Western Cape Province

Western Cape

History, heritage and heaps to do

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The Western Cape is home to the world's longest wine route, found along Route 62, a scenic tourist route that runs from Cape Town to Port Elizabeth, 850 kilometres up the eastern coast. If you don't have time to complete the whole route, consider visiting the wine-growing areas of Stellenbosch, Paarl, Wellington, Franschhoek, Ceres, Worcester, Bonnievale and Robertson. The Garden Route, from Cape Town to Knysna, is gorgeous, passing through many a quirky town, complete with welcoming locals and fresh produce stalls. Stop in at Swellendam, a town where the jailer once doubled as the postmaster, to experience Cape Dutch architecture at its best.

Several hours south of Cape Town is the southernmost tip of Africa, Cape Agulhas, where the Atlantic and Indian oceans meet. The journey to Cape Agulhas will take you through the scenic Overberg, along what is known as the Whale Coast. You could take a detour to Hermanus, a town famous for its whale watching. A trip up the West Coast will take you through many a small town, mainly quiet fishing villages such as Langebaan and Paternoster.

Be sure to take the time to enjoy the flora along the way - and stop in at Yzerfontein to experience a South African beach braai.

How to get here

You can fly directly to Cape Town International Airport from most major airports around the world. The city is also linked by rail and air to the rest of South Africa.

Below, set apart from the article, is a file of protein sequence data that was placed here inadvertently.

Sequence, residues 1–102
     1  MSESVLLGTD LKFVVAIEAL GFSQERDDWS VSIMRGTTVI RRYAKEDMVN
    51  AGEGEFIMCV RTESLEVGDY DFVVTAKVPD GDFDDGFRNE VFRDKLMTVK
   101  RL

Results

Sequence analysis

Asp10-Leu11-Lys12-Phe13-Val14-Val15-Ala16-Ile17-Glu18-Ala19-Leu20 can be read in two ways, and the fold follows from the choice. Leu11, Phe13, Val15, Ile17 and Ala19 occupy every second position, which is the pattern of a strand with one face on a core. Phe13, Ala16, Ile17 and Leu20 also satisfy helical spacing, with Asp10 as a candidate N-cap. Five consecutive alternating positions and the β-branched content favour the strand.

How to get around

Public transport in Cape Town is excellent, but hiring your own vehicle allows you to explore at your own pace.

Who to contact

Western Cape Tourism Information 

Tel: +27 (0) 21 487 8600
Email: info@wesgro.co.za
Website: www.wesgro.co.za


There are accommodation options to suit all tastes and needs.

What to eat

Coastal towns in the Western Cape specialise in fresh seafood such as fish, mussels, crayfish and calamari. Cape Town and the nearby winelands boast many of the country's best restaurants.

Best time to Visit

Any time of year though it will depend on what you plan to do and see: summer's are warm and dry; winter is cooler and wet.

For serious peace and quiet, head north to the Karoo, one of the most arid regions in the country. This sparsely populated, semi-desert area offers open space, fresh air and historical architecture.

Outdoor enthusiasts are by no means left out when it comes to things to do in the Western Cape. Kite-surfing along the West Coast, shark cage diving in Gansbaai, sea kayaking in Simon's Town, hiking along the Otter Trail, ostrich riding in Oudtshoorn, bungee jumping at Bloukrans Bridge in Nature's Valley, and scuba diving along the East Coast are sure to keep the most ardent adrenalin junkies entertained.

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